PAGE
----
Early in October 2014 at the Rwizi Arch Hotel in Mbarara District in Western Uganda, the East, Central and Southern Africa Health Community (ECSA-HC), the East African Community (EAC) and the Ministry of Health of the Republic of Uganda (through the EAPHLNP) convened a cross-border meeting between the bordering districts of the Republic of Rwanda, the Republic of Uganda and the United Republic of Tanzania.
The exercise was conducted to assess the level of emergency preparedness and response capacity for Ebola and Viral Haemorrhagic Fevers (VHFs) outbreak in the EAC Partner States and North & South Kivu provinces of the Democratic Republic of Congo (DRC.
In addition, the exercise would be used to identify gaps so as to strengthen the surveillance and response system within the region.
The simulation exercise was facilitated by experts from the Food and Agriculture Organization of the United Nations (UNFAO) and the Department of Veterinary Services, University of Nairobi.
The specific objectives of the table top simulation exercise were to;
Assess the level of preparedness and ability to detect VHF and contain a VHF outbreak at the cross-border areas;
Raise awareness of the roles, responsibilities and immediate emergency response actions of the participants in surveillance, laboratory testing, confirmation and risk communication;
The table-top simulation contained three scenarios with different levels of complexities beginning with simple to more complex moves and table-top demonstration of downing and doffing personal protective equipment (PPEs).
The first scenario contained three moves (from simple regular clinical case to confirmation of initial cases of Ebola). The second scenario contained two moves (increase in Ebola cases from contacts requiring improved clinical support and communications to the communities) and the third scenario contained three moves (cases requiring establishment of burial teams to final control and outbreak control).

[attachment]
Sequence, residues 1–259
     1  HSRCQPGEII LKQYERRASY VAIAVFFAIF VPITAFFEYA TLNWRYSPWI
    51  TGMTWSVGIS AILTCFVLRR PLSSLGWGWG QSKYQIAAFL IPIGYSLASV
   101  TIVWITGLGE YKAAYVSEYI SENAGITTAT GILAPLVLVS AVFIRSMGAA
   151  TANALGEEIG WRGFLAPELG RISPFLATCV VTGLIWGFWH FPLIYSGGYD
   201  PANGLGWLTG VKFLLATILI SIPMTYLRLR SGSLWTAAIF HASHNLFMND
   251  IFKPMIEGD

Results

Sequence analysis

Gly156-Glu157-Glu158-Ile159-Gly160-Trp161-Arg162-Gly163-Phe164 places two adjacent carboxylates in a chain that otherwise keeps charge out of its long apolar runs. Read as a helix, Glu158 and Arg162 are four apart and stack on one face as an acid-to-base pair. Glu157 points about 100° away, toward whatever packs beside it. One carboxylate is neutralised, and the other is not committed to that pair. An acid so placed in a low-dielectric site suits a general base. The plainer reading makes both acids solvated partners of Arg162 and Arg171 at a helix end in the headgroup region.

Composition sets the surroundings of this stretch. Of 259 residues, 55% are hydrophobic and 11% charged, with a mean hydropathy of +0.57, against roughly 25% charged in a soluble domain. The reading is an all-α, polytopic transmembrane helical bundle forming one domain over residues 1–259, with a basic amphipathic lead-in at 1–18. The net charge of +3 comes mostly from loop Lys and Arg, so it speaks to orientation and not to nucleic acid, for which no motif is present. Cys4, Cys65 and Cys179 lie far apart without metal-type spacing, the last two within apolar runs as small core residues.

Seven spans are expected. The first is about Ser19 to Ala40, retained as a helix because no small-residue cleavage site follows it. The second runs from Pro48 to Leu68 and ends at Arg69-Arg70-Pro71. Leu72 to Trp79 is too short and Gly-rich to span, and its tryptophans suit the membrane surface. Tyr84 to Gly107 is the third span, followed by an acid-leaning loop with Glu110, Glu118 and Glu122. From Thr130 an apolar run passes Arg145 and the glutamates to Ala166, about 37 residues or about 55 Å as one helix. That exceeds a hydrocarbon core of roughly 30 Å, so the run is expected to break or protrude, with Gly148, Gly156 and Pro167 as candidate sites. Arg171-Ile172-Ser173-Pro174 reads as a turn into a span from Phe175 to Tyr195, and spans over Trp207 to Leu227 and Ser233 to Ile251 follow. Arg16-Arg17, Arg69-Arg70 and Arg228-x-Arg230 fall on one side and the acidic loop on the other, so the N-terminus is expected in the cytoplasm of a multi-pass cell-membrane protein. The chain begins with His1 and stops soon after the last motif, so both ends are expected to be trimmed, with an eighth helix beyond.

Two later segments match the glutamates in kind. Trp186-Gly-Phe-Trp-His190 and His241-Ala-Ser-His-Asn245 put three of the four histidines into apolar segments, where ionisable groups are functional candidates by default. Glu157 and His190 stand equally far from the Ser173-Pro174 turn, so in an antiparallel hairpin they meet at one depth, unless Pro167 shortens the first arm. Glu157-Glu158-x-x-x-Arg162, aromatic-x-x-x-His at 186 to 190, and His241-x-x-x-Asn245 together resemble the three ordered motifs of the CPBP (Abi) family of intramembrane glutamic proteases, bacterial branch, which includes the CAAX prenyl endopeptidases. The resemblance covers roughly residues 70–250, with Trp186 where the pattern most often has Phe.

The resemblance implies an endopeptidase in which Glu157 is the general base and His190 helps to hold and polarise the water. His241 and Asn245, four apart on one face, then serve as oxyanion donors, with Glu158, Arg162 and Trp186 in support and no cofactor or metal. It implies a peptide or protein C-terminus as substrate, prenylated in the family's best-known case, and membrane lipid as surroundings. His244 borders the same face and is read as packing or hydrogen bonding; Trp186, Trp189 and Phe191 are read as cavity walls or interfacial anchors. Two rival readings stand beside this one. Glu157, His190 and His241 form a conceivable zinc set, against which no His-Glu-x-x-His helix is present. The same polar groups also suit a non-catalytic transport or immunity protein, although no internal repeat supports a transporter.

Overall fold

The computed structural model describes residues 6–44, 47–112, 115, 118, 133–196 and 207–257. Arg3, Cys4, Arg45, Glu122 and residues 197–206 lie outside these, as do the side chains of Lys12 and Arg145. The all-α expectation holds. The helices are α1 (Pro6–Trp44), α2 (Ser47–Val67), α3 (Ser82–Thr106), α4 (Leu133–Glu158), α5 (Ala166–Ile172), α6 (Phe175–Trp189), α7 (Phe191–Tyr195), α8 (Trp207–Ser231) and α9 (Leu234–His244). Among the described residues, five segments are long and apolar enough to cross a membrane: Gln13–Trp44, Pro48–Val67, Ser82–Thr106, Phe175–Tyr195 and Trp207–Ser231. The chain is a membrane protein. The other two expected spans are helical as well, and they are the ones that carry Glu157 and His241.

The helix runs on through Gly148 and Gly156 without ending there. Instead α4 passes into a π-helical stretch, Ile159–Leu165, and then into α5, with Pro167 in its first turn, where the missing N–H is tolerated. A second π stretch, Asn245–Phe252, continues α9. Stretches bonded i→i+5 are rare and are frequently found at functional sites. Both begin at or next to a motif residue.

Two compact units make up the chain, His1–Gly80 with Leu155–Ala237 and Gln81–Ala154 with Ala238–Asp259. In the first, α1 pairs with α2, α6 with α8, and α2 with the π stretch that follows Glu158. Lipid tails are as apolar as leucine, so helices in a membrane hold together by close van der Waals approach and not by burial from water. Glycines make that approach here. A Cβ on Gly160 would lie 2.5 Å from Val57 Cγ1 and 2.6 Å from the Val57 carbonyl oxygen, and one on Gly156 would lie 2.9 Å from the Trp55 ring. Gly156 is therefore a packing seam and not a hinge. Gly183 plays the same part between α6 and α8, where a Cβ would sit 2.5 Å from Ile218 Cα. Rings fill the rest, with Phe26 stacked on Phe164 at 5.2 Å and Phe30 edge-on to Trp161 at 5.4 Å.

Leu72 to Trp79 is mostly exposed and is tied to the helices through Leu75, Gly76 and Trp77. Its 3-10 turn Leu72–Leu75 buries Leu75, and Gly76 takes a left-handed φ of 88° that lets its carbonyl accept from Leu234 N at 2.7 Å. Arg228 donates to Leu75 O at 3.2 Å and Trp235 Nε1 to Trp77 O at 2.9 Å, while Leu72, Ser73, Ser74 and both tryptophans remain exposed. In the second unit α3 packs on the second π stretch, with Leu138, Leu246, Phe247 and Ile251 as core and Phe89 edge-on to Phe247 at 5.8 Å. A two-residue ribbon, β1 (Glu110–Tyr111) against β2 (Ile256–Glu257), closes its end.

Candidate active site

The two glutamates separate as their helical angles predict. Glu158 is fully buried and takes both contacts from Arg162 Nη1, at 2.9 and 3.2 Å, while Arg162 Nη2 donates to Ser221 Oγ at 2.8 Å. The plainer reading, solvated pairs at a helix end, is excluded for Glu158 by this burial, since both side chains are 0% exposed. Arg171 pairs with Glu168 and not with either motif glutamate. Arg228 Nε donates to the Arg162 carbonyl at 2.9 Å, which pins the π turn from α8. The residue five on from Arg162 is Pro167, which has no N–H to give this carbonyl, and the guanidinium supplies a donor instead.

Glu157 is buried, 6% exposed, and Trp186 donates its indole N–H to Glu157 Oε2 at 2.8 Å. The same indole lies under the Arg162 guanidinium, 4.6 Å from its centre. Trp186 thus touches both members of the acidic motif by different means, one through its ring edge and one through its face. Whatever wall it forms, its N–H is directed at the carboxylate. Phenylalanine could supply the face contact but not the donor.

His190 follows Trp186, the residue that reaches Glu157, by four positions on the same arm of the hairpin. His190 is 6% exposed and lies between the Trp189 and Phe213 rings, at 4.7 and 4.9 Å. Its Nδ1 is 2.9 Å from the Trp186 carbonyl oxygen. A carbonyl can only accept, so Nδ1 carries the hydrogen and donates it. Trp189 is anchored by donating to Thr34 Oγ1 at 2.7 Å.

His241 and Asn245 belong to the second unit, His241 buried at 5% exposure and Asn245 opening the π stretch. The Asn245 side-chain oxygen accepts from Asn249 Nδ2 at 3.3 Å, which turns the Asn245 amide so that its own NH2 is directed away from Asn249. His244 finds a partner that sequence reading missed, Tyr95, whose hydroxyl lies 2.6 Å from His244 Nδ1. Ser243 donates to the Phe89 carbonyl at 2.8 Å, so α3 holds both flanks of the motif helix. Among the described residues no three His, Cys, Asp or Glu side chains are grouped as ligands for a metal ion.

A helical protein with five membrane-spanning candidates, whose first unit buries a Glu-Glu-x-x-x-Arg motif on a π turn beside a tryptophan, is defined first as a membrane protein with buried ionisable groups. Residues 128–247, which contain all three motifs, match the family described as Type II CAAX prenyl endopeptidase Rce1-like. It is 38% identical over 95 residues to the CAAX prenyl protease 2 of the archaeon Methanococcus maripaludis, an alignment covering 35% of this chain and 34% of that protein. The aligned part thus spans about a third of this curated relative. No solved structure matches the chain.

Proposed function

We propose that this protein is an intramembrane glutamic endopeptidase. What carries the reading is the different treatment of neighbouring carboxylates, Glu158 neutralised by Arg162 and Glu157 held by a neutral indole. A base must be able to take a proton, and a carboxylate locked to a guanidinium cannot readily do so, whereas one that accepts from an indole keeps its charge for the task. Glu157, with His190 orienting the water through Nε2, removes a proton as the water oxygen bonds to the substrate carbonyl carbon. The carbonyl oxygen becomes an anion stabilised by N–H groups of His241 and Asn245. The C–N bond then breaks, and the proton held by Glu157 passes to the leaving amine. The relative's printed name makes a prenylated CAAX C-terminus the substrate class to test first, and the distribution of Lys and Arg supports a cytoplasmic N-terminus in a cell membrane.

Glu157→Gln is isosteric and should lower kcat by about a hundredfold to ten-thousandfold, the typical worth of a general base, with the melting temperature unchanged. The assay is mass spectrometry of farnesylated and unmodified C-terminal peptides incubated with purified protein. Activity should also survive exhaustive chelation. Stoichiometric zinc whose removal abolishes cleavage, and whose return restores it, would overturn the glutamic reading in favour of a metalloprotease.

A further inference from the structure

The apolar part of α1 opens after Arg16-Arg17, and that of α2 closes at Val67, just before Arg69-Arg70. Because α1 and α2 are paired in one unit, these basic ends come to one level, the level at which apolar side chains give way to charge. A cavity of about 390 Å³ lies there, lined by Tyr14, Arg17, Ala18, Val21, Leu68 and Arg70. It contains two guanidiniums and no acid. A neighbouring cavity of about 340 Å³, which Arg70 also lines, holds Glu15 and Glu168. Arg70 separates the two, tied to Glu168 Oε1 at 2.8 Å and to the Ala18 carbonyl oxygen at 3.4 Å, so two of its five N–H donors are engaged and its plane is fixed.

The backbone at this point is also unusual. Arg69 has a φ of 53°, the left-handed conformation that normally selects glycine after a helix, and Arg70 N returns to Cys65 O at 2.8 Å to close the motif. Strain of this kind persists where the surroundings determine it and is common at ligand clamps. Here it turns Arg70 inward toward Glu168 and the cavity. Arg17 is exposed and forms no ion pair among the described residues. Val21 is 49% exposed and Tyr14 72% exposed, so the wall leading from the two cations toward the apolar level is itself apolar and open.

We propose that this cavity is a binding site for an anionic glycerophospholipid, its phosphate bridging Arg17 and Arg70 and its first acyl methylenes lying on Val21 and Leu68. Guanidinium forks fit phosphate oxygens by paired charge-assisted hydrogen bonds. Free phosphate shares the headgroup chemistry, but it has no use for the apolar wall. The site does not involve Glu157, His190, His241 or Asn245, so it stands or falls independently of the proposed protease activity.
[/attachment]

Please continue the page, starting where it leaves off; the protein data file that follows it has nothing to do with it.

The moves assessed the responses of various stakeholders involved in outbreak management including disease surveillance and the laboratory (diagnostics); case management (clinical staff); risk management; coordination (policy makers and heads of programs) and supportive services (communication, immigration; security officials etc). The different stakeholders were expected to develop response actions appropriate for their functional areas and to coordinate, as would be necessary, with other groups.
This methodology proved to be effective in identifying response actions and providing participants with an opportunity to develop command, control and coordination of their action plans necessary for a meaningful response to an Ebola outbreak within their countries. It also identified gaps in the systems that would need to be addressed to improve the response systems and processes.
The simulation exercise was considered very successful by the participants, evaluators and observers. The participants’ evaluation report was positive regarding processes and outcomes. The participants were also grateful for the hospitality from the Ugandan hosts.